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O’Bannon v. NCAA: Practical Considerations for New Pay-for-Play Rules (Part Two)

Seth Traub

Seth Traub

As we discussed on the blog last month, Judge Wilken’s decision in O’Bannon v. National Collegiate Athletic Association, if upheld, will have a marked effect on collegiate athletics. As it stands, the NCAA is enjoined from setting a cap on athletic scholarships below the full cost of attendance for student-athletes and allows schools to compensate certain student-athletes for use of their names, images, and likenesses (“NILs”) via a trust that would distribute funds after the student-athlete ends his or her collegiate career. These issues present athletic departments with several new challenges. Although there are many moving parts, three main areas stand out for immediate consideration: (1) establishment of a trust for a student-athlete’s benefit; (ii) consideration of Title IX concerns; and (3) additions to the National Letter of Intent.

First, universities would have to address the establishment of a trust fund.  The concept itself is fairly simple—revenue would be set aside and placed into a trust for FBS football and Division I basketball players to access after their collegiate careers have ended.  The O’Bannon decision prohibits the NCAA from setting a payment cap at less than $5,000 (in 2014 dollars) per year.  Every institution will need to determine the mechanics of setting and managing a trust in light of applicable state law, including appointing trustees and fiduciary responsibilities to beneficiaries. And distribution of funds once careers end may have complicated tax implications that could require institutions to revisit issues related to whether student-athletes should be considered employees.

Second, Judge Wilken appears to not have considered Title IX when she ordered stipends and trust funds only for football and men’s basketball student-athletes.  To the extent the payments contemplated by the ruling are considered part of the financial aid offers made to male athletes, the payments would fall under the Title IX regulation relating to “substantial proportionality” – which requires the dollar amounts of financial aid to be paid in proportion to the ratio of male and female participation.  With the increase in financial aid available to male student-athletes because of the O’Bannon decision, proportional increases will need to be available to female student-athletes to comply with Title IX.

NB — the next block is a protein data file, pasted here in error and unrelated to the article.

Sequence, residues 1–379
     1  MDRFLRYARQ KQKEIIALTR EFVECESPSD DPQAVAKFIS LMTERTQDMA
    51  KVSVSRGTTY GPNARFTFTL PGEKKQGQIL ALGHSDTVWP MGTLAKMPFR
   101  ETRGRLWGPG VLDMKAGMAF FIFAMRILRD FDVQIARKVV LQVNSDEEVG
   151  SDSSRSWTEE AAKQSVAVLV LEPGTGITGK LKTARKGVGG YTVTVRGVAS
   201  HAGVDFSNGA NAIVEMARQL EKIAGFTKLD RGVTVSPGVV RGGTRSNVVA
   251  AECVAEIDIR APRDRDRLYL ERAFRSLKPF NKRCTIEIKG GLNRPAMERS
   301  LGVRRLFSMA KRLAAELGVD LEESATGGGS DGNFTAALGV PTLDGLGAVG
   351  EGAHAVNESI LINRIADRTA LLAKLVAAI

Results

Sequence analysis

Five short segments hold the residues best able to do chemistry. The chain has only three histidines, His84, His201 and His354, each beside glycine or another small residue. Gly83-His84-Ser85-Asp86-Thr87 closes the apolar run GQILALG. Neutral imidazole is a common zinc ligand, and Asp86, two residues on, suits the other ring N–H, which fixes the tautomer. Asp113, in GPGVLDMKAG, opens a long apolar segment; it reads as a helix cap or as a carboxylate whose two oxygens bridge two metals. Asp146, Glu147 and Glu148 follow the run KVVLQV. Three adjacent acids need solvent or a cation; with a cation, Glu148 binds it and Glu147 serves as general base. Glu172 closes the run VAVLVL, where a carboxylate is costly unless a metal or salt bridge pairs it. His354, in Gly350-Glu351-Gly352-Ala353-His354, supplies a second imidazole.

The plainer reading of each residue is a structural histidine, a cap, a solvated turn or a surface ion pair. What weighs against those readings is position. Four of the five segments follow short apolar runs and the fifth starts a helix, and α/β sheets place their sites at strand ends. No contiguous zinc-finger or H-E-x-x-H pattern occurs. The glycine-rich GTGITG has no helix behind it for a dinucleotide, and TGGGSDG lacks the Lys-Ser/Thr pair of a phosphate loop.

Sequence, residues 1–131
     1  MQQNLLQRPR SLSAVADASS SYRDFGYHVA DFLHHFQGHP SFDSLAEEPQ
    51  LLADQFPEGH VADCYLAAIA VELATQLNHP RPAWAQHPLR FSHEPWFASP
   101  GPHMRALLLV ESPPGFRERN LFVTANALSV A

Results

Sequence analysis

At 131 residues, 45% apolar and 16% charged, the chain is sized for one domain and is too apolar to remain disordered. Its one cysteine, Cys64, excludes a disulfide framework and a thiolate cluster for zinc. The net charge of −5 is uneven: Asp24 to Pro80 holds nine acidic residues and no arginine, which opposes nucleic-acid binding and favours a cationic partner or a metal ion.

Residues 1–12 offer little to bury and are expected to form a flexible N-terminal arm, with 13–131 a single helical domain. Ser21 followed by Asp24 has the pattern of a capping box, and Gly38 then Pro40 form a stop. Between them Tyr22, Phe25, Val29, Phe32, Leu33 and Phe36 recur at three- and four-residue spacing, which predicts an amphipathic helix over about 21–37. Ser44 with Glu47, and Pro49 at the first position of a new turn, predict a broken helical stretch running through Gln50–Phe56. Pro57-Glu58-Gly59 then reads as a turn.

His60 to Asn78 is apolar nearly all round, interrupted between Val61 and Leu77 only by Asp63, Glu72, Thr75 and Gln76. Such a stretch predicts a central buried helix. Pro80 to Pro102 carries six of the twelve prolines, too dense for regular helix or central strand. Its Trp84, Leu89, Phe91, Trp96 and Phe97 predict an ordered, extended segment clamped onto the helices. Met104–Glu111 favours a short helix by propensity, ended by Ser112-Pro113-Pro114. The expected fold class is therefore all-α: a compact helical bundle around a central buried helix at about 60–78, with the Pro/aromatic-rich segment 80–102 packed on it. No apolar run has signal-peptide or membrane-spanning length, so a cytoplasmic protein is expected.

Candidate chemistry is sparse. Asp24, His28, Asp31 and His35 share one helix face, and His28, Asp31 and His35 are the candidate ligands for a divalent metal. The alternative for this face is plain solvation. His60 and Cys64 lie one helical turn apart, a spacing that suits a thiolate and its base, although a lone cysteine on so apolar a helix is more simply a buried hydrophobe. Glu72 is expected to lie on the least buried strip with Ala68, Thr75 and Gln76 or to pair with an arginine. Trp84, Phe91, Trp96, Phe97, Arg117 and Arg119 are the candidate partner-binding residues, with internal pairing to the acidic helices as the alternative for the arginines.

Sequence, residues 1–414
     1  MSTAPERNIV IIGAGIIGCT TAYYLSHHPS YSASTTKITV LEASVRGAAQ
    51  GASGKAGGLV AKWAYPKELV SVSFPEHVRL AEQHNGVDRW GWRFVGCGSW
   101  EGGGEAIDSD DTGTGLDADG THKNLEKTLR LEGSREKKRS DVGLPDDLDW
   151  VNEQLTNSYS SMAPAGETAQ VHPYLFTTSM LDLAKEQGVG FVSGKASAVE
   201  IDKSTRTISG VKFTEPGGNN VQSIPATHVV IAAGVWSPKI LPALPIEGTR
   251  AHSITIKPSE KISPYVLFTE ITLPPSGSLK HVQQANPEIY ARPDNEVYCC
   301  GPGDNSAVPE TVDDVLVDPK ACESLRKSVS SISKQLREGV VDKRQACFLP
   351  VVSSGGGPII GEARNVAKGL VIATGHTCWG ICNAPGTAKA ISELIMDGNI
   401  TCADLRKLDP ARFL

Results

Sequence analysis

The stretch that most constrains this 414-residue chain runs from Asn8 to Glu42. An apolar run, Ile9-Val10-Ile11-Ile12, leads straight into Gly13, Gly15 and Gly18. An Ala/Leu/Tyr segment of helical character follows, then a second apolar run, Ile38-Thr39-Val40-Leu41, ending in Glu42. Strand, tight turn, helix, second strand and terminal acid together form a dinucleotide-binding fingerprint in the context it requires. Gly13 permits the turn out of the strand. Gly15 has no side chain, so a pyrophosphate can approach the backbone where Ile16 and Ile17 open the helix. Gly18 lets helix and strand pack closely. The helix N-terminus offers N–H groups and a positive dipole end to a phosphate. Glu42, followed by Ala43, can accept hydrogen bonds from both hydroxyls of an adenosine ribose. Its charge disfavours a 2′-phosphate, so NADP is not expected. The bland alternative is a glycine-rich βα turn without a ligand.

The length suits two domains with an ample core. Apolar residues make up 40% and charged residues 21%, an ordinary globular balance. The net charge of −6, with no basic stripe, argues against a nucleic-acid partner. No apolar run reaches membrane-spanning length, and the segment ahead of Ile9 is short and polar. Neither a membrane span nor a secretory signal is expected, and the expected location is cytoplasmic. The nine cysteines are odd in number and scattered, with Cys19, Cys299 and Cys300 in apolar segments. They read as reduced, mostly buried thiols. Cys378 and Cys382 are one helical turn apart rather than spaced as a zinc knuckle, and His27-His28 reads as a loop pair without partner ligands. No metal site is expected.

Finally, beginning with the class of 2016, the standard—albeit controversial in many respects—National Letter of Intent (“NLI”) will need to address the additional financial aid being provided to football and men’s basketball players. Because the O’Bannon ruling requires every player in a recruiting class to receive the same amount for their names, images and likeness, the NLI will need to be consistent across applicable sports for a given year.  When a student-athlete signs the NLI, they also sign an athletics financial aid agreement.  The amount and payment of the trust fund should be an additional document or part of the NLI that a student-athlete signs to ensure consistency and compliance should the Court’s ruling requiring the trust fund be upheld.

There is a number of opinions on what effect the O’Bannon ruling will have long-term, from those forecasting the death of the NCAA to those that see very little effect on amateur athletics.  While the continuing effects certainly remain to be seen, and now rest on the decision of the Ninth Circuit, it’s clear that the mechanics of implementing any new pay-for-play rules are going to need special attention over the coming months and years.

“This article was co-authored by Seth Traub and Dana Drew Shaw. If you would like more information, please contact Seth at straub@slk-law.com or Dana at dshaw@slk-law.com.”

One comment on “O’Bannon v. NCAA: Practical Considerations for New Pay-for-Play Rules (Part Two)

  1. […] of complex legal problems created by the injunction.” We outlined some of those problems in our last post.  The O’Bannon plaintiffs/appellees have 10 days to oppose the NCAA’s request, unless the […]

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